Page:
They identified that in 52% of cases a software called ‘RomPager’ from AllegroSoft is behind the open port. ‘RomPager’ is an embedded HTTP server. In 98% of the devices version 4.07 is used, which is from 2002 (the current version provided by AS is 5.4), so there are 11.3m devices out there listening on port 7547 with the old version 4.07.
After some firmware analysis Lior discovered that there is a ZynOS-header in every firmware, which is a RTOS and also known to be vulnerable for “rom-0” (CVE-2014-4019).
So they did some manual testing, like fuzzing over HTTP headers and got crashes on the username sub-header of digest authentication. After following up the code to find the ‘why?’, they got their exploit #1. Problem is, that you have to know the exact memory layout – because each device and firmware version has a different address space layout.
The second vulnerability they found is related to HTTP requests,where the HTTP handlers structurces could get overwritten.
Finally they presented their current finding: the, as they call it, Misfortune Cookie. However those magic cookies weren’t shown at all ;).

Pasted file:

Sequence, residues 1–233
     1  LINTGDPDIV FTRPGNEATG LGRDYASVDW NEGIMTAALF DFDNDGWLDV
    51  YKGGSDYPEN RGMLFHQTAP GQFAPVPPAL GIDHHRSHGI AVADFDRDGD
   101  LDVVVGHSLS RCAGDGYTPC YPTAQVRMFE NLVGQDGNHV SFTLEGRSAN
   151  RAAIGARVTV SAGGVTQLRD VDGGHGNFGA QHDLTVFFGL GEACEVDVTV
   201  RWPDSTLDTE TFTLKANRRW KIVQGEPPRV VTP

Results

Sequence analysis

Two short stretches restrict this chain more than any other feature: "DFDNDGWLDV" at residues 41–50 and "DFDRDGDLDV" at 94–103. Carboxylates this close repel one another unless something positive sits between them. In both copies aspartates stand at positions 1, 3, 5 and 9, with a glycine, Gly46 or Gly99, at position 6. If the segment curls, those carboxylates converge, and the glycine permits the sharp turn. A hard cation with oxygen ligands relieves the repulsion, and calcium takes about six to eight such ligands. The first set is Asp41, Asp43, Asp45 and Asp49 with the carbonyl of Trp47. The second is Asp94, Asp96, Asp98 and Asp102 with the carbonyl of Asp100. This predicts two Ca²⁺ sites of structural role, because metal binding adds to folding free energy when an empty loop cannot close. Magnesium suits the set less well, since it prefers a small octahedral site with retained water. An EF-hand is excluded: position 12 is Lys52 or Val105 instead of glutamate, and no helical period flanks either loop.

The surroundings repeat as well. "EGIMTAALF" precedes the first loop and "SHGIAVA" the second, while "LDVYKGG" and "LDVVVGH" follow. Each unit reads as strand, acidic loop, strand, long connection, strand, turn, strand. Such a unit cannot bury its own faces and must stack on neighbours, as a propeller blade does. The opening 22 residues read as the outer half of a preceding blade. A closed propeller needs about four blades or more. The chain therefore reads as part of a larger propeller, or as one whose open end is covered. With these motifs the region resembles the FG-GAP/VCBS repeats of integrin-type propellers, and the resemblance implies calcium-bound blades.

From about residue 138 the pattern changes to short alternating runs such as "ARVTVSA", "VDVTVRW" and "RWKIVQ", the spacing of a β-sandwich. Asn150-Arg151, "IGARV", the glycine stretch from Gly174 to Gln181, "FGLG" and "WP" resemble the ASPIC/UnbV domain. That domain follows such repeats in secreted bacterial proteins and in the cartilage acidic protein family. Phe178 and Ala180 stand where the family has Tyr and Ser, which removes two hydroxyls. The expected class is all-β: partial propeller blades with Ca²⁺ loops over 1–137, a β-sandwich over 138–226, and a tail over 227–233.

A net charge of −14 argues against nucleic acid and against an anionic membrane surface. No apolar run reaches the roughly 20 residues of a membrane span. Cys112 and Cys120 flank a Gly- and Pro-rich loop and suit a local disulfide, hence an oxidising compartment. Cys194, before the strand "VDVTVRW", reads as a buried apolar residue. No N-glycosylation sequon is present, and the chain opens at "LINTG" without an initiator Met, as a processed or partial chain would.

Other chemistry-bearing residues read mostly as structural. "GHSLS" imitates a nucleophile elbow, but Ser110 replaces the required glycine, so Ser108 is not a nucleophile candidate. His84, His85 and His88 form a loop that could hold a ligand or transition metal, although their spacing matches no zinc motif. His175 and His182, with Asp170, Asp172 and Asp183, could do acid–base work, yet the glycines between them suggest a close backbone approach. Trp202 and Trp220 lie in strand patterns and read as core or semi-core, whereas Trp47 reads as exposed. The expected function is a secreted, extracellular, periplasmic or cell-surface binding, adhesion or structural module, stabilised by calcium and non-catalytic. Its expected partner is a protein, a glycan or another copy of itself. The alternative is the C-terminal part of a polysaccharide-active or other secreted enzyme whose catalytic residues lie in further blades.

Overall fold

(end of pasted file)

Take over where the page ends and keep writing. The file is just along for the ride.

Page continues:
But, at least, they described how they got there. As the ‘RomPager’ has no dynamic memory allocation, there might be a pre-allocated cookies array which can be abused.
They stated that this technique worked on any model of any brand which they had access to. With a few magic cookies it’s possible to bypass any authentication and browse with admin privileges on the webinterface.
Countermeasures were discussed as well. Alas, there’s no easy way to get safe. You could cancel your Internet subscription, use an alternative firmware (if supported) and, of course, you should pay attention when buying a new router. Disabling TR-069 auto-configuration in your router’s settings won’t help either; port 7547 always stays open and the router remains being vulnerable.
The guys contacted the vendors and AllegroSoft. Some patched firmware is already out and AllegroSoft stated that they can’t force vendors to upgrade to the latest version of ‘RomPager’.
IMHO this was a very interesting and funny talk, with lots of easy-to-understand info showing an overall huge security risk.